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Vacuoles are present in both animal and plant cells. The contractile vacuoles of protozoan enlarge by accumulating fluids and collapse by expelling them from the cell. Vacuoles are particularly large and abundant in plant cells. These are sap-filled vesicles in the cytoplasm, covered by a membrane called the tonoplast. The vacuolar sap often contains minerals, sugars, amino acids, proteins, esters, and water-soluble pigments, waste products in solution or as crystalline deposits. The large vacuoles are formed by the union of smaller vacuoles during the plants’ growth and development. Vacuoles serve as sites for the storage of water and cell products or metabolic intermediaries.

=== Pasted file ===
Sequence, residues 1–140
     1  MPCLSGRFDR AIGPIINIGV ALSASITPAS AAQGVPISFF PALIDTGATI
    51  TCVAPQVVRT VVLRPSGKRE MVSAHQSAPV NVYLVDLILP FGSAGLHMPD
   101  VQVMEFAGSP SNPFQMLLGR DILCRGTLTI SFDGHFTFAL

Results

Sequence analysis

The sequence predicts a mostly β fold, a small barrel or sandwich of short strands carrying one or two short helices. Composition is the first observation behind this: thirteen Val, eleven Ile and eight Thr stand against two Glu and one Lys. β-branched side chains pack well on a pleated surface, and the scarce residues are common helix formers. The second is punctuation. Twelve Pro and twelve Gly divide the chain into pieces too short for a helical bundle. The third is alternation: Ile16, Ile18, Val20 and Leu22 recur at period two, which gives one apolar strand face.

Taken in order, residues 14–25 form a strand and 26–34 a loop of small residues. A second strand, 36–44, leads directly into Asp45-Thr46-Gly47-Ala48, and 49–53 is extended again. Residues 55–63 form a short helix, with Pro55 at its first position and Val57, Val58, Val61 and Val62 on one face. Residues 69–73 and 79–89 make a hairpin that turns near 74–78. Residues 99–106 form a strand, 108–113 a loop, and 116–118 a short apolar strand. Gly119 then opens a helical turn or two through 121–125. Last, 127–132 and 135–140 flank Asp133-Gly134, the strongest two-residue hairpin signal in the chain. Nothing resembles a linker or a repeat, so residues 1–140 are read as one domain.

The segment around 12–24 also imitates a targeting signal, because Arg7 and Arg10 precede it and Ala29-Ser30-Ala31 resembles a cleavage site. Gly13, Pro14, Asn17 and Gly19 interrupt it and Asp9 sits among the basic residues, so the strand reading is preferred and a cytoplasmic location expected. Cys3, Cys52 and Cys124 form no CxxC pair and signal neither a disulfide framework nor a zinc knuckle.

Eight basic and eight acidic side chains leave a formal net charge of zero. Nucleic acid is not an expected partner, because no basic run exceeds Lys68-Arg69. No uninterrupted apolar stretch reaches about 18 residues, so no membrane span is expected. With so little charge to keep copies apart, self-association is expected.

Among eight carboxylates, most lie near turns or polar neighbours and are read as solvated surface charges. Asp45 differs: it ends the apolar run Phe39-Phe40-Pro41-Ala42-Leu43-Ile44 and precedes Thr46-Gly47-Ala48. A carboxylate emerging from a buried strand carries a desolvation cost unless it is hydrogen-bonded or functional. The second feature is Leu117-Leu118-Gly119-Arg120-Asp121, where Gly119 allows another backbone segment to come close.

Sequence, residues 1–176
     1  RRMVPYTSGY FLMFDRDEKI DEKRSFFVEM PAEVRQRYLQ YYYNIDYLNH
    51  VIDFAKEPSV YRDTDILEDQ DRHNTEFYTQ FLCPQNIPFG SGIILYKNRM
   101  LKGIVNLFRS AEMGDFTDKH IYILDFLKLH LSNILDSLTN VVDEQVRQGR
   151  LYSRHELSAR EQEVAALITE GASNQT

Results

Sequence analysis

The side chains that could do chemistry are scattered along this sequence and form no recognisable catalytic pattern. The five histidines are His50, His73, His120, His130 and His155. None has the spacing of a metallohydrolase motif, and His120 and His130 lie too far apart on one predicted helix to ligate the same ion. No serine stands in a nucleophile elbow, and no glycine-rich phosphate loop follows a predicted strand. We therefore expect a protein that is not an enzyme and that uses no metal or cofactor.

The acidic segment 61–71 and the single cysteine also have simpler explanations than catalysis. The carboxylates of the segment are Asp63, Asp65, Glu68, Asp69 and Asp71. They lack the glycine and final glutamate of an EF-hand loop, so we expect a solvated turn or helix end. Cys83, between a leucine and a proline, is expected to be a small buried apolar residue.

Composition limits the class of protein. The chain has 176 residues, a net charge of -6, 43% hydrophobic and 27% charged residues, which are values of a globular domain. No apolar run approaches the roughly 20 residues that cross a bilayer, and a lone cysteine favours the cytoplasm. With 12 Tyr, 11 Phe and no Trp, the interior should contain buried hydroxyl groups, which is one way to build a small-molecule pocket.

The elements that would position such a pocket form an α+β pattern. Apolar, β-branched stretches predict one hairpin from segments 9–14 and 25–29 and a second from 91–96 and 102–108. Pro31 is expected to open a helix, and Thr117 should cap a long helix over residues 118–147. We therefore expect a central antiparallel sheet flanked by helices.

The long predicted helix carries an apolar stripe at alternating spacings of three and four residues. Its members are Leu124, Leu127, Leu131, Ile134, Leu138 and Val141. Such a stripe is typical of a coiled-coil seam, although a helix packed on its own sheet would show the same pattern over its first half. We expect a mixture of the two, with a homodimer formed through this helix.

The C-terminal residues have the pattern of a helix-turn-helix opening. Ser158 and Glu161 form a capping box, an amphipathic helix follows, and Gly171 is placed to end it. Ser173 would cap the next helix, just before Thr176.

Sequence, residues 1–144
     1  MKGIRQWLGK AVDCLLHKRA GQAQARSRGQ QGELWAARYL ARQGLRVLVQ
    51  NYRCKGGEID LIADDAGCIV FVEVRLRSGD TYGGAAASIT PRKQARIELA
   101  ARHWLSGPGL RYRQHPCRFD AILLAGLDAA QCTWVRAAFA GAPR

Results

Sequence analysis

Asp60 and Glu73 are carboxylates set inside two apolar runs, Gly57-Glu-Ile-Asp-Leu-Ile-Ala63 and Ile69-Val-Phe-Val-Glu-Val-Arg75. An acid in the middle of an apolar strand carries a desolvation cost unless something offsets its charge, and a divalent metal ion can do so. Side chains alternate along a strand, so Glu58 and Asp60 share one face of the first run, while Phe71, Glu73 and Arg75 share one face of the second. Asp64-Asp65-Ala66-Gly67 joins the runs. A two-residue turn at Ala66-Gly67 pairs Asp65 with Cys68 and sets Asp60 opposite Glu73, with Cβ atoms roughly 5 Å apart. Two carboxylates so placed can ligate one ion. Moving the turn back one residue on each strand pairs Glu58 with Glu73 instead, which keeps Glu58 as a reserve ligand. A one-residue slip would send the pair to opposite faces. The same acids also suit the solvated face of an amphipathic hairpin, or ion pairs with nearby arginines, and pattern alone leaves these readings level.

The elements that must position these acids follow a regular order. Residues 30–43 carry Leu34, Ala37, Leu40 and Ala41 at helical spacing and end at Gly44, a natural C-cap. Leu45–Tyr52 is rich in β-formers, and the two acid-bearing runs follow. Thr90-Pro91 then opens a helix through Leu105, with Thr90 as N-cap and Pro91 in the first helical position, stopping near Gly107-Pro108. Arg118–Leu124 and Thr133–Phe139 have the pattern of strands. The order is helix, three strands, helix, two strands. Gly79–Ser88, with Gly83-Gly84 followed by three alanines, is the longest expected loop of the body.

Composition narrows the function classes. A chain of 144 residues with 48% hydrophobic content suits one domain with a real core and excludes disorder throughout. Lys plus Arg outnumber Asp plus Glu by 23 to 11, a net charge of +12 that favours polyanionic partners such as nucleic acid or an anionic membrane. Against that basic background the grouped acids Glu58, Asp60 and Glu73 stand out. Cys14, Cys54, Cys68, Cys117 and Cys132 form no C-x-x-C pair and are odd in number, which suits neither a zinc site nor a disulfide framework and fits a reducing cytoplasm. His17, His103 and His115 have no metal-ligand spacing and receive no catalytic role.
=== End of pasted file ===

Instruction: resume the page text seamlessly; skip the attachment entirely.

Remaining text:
Plant Cell - Central Vacuole


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